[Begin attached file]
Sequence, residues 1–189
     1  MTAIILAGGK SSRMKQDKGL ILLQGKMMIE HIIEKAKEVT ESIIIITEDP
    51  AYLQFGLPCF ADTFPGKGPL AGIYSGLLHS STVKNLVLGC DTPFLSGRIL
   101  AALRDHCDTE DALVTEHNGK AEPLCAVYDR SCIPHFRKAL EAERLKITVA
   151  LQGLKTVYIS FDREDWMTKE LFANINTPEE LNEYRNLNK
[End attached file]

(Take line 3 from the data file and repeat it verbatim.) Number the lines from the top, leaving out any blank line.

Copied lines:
    51  AYLQFGLPCF ADTFPGKGPL AGIYSGLLHS STVKNLVLGC DTPFLSGRIL